-Slicing and Dicing of data
-Capabilities to cater ad-hoc queries
Depends on what you mean by ad-hoc queries. Reporting is very dynamic, but users do NOT run queries against your database. They instead filter data that you've already loaded into memory.
-Implementation of cubes
QlikView does NOT use (or need) data cubes internally. It works in a different, and I personally think superior way.
-Capabilities to develop reusable data elements (e.g. webparts)
Depends on what you mean by reusable elements. There are a lot of reusable elements, but I'm not familier with webparts.
-Export functionality (PDF)
Yes, with QlikView Publisher.
Better than what? I like the UI just fine.
-Capabilities for mobile, i-pad reporting
Yes, but I think there's room for improvement here. The native iPad client I think doesn't take good advantage of the larger screen. You can publish in AJAX and pull it up in Safari on the iPad, but it doesn't work particularly well with the touch screen interface. They ARE actively working on it, though.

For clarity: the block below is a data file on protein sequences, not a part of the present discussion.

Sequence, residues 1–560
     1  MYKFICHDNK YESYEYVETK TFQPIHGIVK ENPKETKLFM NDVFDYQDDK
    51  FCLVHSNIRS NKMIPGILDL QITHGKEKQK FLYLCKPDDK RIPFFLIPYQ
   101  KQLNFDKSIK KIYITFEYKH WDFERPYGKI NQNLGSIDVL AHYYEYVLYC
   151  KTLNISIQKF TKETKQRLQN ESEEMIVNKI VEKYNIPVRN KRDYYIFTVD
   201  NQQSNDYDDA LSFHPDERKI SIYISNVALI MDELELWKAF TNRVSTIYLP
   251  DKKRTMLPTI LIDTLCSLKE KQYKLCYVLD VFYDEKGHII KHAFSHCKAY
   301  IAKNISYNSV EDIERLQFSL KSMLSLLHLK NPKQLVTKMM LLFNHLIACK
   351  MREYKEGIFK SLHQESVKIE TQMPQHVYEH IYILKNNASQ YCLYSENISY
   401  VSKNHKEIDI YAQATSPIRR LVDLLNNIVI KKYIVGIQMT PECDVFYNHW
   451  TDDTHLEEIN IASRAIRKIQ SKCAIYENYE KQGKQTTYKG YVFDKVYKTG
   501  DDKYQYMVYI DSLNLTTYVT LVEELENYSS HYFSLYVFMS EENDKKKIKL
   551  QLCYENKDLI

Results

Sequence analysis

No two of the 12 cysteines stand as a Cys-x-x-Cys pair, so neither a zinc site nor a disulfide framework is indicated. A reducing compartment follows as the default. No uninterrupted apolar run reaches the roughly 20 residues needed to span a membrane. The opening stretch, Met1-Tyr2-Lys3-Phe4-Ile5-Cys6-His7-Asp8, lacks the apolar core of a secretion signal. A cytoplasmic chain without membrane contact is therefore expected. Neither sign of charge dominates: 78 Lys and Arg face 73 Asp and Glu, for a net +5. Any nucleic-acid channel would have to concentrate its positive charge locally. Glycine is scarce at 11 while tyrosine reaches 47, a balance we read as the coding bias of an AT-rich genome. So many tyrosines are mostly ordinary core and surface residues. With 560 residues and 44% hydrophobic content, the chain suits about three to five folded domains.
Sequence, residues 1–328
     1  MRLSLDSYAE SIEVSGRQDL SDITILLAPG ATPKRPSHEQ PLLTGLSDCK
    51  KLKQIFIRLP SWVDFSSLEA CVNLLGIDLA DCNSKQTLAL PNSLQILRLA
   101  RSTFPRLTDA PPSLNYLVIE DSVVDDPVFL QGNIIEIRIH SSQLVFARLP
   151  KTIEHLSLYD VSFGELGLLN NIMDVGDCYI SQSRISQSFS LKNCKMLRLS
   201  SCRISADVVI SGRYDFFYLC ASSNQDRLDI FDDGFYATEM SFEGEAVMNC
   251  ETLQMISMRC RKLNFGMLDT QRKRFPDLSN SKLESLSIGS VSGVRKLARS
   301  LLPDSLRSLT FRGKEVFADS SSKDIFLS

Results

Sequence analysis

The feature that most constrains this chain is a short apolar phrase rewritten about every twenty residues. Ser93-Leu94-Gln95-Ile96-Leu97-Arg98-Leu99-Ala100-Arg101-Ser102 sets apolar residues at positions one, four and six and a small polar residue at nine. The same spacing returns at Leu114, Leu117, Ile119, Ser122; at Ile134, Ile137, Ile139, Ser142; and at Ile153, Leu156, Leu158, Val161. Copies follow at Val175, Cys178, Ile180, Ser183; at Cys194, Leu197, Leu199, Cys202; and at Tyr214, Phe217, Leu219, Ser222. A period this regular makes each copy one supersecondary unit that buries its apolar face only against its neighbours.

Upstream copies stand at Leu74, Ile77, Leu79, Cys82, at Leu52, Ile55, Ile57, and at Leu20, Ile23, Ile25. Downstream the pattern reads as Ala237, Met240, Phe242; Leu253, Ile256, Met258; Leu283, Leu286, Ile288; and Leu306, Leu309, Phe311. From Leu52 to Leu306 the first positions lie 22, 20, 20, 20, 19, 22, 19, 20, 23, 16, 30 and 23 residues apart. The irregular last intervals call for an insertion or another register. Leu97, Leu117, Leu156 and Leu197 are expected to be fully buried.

-Integration with .Net,MS Office,MS Sharepoint
Mmmm, not sure. You can export to and import from Excel. I know I've seen "sharepoint" mentioned many times on the forum. Not sure about .Net.
-Ease of use
For users, it's as easy as you make it for them as a developer. Generally pretty easy. For developers, I consider it fairly easy, though I think there are some definite areas for improvement.
-Response time, Memory consumption
Depends on how much data you have and how complicated you make your charts. Generally speaking, most of my real applications are near instantaneous or sub-second. Some of the more complicated ones are longer, with my absolute wost charts taking many seconds to finish calculating. For memory consumption, figure on about 10x compression of your raw data, but then add back in another 5-10% for every concurrent user of the data. Since analysis is done entirely in memory, you need that much RAM. You can't afford to swap to disk.
-Short build and deploy time
-Max. of Data Handling(2 TB or more)
I believe it was designed for gigabyte-scale databases. However, I am not aware of any technical limitations (other than available hardware) that would prevent you from using it on terabyte-scale databases. I think windows server maxes out at 2 TB, but in practice, you can run a lot of different applications on a lot of different servers to get around even that limitation. Should be doable, but I'd want to hear from people actually running that much data before making a commitment. Our shop probably has only 100 GB or less, so we don't count.
-Tech support(24 X 7)
I don't know tech support's hours. I've never called them. I email. But for most issues, I recommend the forum. It's very active and helpful.
-64 Bit OS support